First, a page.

Americans spend more on health care than do residents of any other peer nation, and prescription drug costs are no exception. A 2022 report from the nonprofit research group the RAND Corporation found U.S. drug prices were on average 256% of those in the 32 comparison countries combined — ranging from 170% of prices in Mexico to 779% of prices in Turkey.
Because federal health insurance programs cover millions of Americans, the government has significant leverage to negotiate drug prices with pharmaceutical companies. Many branches of the government, including the Departments of Veterans Affairs (VA) and Defense, already do this — and Biden noted the VA spends on average 50% less on medications than Medicare does.
When the Medicare program was created in the 1960s, it only covered medications that were administered in a doctor’s office — so-called Part B coverage for treatments administered via specialized equipment. It wasn’t until 2003 that the Part D and similar Medicare Advantage programs were established, and to win the support of Republicans in Congress, the so-called “Medicare Modernization Act” was written with language explicitly prohibiting the government from negotiating prices with pharmaceutical companies.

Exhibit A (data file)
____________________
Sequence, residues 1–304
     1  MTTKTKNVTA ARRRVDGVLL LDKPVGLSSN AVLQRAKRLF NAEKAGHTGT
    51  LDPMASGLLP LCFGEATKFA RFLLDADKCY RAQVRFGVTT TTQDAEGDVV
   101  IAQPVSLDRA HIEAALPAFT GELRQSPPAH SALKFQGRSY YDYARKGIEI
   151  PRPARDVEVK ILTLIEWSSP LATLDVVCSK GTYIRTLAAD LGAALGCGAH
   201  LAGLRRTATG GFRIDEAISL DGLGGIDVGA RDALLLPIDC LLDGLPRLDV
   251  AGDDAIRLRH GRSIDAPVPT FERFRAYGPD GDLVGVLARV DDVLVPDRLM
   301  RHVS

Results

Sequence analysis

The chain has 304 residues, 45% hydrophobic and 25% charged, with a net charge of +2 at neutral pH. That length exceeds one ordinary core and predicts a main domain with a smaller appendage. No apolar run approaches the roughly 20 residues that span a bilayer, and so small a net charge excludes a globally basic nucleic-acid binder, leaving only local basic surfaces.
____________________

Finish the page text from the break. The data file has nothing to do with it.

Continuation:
The new law removes such restrictions, establishing a complicated formula and timeline for negotiations to take place. The government can name 10 drugs to be negotiated for 2026, 15 drugs each of the two years after that, and then 20 drugs each subsequent year starting in 2029. Only medications which don’t have competition from a cheaper, generic alternative are eligible to be negotiated.